Ho’ike: Visual Storytelling Through the Art of Hula

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The members of Hawaiian Ensemble swapped their everyday clothes out for colorful wraps, known as pareos, and exchanged their casual hats for elaborate crowns made of leaves. In just moments, they transformed from typical students into storytellers who use the art of hula and ote’a. This year’s Ho’ike theme was titled “E Lei No Au I Ko Aloha,” or, “I will cherish your love as a beautiful adornment.”

 

“In Hawaiian language, ‘ho’ike’ is defined as final test or exhibition,” senior and club president Jessica Manalang said. “Ho’ike is Hawaiian Ensemble’s ‘final exhibition’ because this is the event where we showcase our dancers and what they’ve learned throughout the year.”

 

The Ensemble’s leaders come up with a different theme for Ho’ike every year. This year, Manalang explained there was an emphasis on storytelling with the theme. This was because they felt that the dancers had lost sight of why they dance. “We wanted to remind the community and ourselves who we are, what we are about and why we all come together, which is to not only dance, but tell a story,” Manalang said.

                          

Another aspect of this year’s theme was leis, which represent unity and affection for other people. Though each dance told its own story, they all related back to this theme. “The members of Hawaiian Ensemble are like a lei,” said junior Kayla Gene Esparas-Hope, who is the vice president of operations. “Each item [of a lei] is beautiful on its own as each dancer is, and together bound by a string, the dancers are bound together by this club. Each of them came together on their own and together we became a family.” One song told a story about how a man compared his lover to a beautiful pearl necklace, while another song told the story of Chief Kakuhihewa and how the proper way to honor him was by making and giving him a lei.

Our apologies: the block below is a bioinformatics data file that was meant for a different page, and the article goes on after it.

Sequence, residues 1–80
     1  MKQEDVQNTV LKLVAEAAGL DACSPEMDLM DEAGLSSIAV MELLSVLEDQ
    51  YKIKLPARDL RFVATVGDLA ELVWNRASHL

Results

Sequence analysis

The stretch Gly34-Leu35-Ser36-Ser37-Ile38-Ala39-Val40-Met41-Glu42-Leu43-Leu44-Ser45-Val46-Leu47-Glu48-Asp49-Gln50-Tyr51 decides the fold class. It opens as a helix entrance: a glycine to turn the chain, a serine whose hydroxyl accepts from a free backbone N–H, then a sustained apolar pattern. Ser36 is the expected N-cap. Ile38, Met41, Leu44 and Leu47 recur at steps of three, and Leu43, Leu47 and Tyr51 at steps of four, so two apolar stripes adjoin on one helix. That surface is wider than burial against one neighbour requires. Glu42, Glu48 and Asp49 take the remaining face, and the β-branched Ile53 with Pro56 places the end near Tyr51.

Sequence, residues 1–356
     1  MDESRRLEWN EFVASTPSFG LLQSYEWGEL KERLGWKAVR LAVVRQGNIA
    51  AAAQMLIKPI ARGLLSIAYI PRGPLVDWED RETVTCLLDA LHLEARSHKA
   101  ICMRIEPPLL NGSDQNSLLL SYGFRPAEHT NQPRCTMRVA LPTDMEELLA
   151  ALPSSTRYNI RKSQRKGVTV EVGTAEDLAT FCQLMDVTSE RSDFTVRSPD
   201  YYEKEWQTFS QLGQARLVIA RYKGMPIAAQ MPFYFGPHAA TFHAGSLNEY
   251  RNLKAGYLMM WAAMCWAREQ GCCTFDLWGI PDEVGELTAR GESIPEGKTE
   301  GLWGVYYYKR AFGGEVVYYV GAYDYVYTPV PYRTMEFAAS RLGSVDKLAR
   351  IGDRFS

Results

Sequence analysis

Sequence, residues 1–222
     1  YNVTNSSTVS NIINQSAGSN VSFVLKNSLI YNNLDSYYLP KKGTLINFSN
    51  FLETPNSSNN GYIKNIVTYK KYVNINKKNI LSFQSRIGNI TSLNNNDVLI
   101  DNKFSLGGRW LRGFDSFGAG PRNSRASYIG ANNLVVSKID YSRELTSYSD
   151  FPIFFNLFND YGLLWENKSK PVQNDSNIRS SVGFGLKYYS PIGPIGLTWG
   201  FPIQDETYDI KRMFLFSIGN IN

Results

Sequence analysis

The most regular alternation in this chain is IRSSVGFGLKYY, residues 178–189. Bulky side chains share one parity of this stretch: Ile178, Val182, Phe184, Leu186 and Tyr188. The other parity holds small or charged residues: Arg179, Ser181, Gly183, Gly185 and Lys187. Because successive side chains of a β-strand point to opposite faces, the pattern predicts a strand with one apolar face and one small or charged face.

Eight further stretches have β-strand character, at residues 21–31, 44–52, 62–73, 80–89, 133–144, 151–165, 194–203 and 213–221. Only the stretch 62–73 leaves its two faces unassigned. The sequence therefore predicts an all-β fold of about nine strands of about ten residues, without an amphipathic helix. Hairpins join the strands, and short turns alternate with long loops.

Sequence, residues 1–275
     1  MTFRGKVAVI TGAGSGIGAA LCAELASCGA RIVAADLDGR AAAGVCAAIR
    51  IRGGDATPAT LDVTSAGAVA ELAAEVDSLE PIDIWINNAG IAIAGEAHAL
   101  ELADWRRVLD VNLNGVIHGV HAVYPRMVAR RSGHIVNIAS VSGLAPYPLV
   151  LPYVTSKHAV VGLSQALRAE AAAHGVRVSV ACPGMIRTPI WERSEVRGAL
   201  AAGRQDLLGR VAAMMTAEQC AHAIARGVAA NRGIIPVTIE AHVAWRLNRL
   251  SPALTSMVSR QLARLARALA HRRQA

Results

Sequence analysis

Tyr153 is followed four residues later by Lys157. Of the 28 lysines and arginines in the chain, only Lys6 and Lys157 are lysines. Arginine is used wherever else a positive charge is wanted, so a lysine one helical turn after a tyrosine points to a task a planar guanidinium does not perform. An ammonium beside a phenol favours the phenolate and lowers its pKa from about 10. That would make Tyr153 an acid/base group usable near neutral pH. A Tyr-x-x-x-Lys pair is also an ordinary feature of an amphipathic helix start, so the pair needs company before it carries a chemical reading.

Gabriel Fontanilla is from Hawaii and flew to USF to watch and support his girlfriend, Rachel Kim, in her last performance. “As an audience member, I felt engaged with the show. As a person from Hawaii, the club did well in showcasing Hawaii’s culture,” he said.

 

The members of Hawaiian Ensemble have devoted over 100 hours in practices and fundraisers in preparation for the Ho’ike. Despite the show being two hours long, the audience never died down.

 

“I’ve always loved dancing and helping and teaching other people what hula is,” club operations assistant and sophomore Shelby Elenente said. “Hula makes people happy – both the dancers and the people watching. Hula always tells a story, and as dancers, we get to tell it to people.”

 

Photos: Hula dancers bought a taste of Hawaiian traditions to USF students. Brandon Rayes/ Foghorn

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